September 22, 2012

Brave New World by Aldous Huxley


Read: September 2012
Rating: 4/5
"Actual happiness always looks pretty squalid in comparison with the over-compensations for misery. And, of course, stability isn't nearly so spectacular as instability. And being contented has none of the glamour of a good fight against misfortune, none of the picturesqueness of a struggle with temptation, or a fatal overthrow by passion or doubt. Happiness is never grand."
In Brave New World we see a society of happy people, not bothered by diseases, feelings, thoughts and even death. A society in which everyone is brought up to be contented with his social rank and not to wish for any other fate. The reader is allowed to follow a life cycle of a man in this world, starting from the incubator and conditioning center, proceeding through the shallow divertissements of the youth (and everybody is young here until the death) until the hospital for the dying.

There are still places in this new world where people live as "savages", having parents and marriages and religion. The world of reservation is contrasted with the civilized world through the few characters, that are allowed to move from one world to another. Their convictions are contrasted with the ways of the society behind the barbed wire and the consequences are grievous.

The novel begins as a usual Utopian excursion, but ends as reflections about religion and mankind. For me this change was a bit unexpected, and I can't say that I enjoyed all the biblical allusions in the last part of the book. I prefer a dystopian novel to stay a normal dystopian novel, not to turn into a religious treatise. Apart from this, the book is terrific, and is definitely a must-read, especially for those who enjoy utopias and science fiction!

Can't refrain from comparing Brave New World to 1984 here, and I must say, that growing children in the bottles and "conditioning" them in the necessary way seems much more effective than controlling their whole life. If you have brought them up so that they do not think, do not feel and do not want anything, you don't need to control them at all, in fact. And the few who happened to develop some thought can be sent to islands and forgotten. In this aspect Huxley's dystopia seems to be more believable than Orwell's. Makes me think!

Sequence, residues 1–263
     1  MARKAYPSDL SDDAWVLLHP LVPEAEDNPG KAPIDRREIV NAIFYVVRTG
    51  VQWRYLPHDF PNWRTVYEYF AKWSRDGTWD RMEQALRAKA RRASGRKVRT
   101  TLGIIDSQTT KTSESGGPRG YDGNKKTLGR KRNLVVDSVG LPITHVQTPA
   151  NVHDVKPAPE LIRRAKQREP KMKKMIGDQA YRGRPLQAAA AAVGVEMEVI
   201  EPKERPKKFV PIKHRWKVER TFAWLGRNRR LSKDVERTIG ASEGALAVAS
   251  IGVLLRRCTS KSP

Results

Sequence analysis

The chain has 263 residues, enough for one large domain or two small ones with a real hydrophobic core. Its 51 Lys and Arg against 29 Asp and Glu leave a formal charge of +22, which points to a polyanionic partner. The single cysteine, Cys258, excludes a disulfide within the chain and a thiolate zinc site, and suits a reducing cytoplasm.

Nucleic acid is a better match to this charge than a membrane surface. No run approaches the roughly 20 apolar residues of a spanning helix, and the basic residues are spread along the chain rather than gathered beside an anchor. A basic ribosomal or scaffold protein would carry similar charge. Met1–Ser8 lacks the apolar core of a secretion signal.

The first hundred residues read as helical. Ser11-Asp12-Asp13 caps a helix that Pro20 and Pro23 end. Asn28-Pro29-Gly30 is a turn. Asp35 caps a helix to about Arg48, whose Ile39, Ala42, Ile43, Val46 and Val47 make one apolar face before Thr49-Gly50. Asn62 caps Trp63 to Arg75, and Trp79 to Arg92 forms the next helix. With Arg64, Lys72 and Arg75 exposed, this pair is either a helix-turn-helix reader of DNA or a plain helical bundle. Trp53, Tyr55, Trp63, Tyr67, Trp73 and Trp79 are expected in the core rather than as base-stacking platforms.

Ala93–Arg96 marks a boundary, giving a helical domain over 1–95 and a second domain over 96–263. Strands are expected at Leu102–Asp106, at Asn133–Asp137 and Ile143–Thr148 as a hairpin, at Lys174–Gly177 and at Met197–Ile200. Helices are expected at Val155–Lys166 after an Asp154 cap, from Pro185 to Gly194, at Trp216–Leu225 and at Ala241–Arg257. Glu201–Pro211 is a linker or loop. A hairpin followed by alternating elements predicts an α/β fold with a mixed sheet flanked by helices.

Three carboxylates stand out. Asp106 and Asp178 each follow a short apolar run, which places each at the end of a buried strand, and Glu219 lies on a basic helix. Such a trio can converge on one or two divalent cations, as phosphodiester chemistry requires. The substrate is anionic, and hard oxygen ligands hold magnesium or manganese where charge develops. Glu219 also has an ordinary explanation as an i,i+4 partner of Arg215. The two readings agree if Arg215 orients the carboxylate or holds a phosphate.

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This book is from my Classics Club book list. Of course, it is not "classics" from the "classical" viewpoint, but it is definitely the classics of science fiction and dystopian literature, so I think it fits perfectly. The ideas from this book are still powerful today and keep repeating themselves in the works of fiction. What is it if not the definition of classics?

5 comments:

  1. These are interesting thoughts. I'm not sure I really understood Brave New World when I read it, I should probably go for an "adult" rereading. :)

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    1. Yes, is's not a children's book definitely =) I think you'll enjoy it as a grown-up!

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  2. Huxley is turning in his grave nearly 100 years after his visionary prophecies began to form into his own mode of fiction. He is one of my favorite authors and raised serious issues and made world-wide breakthroughs in the research of psychedelics as well as our cognitive liberties. I drew a portrait as homage to the man and his works. See the him roll with the mushrooms, the pills and the doors of perception at http://dregstudiosart.blogspot.com/2010/07/aldous-huxley-rolls-in-his-grave.html

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  3. I think you are quite right in your comparison of Huxley and Orwell! I have always found Orwell to be a bit flimsy, as if the images he shows are made up of translucent tissue paper, for all their detail and poignancy.

    It has been a very long time since I read this book (I cannot off the top of my head think where it is on my bookshelves!), and I think it would be worth a re-read when I find the time.

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    1. I think it'll be a good re-read, I'm also planning to do so some time, when I'm very old and wise =) It's the kind of a book you always can find something new in.

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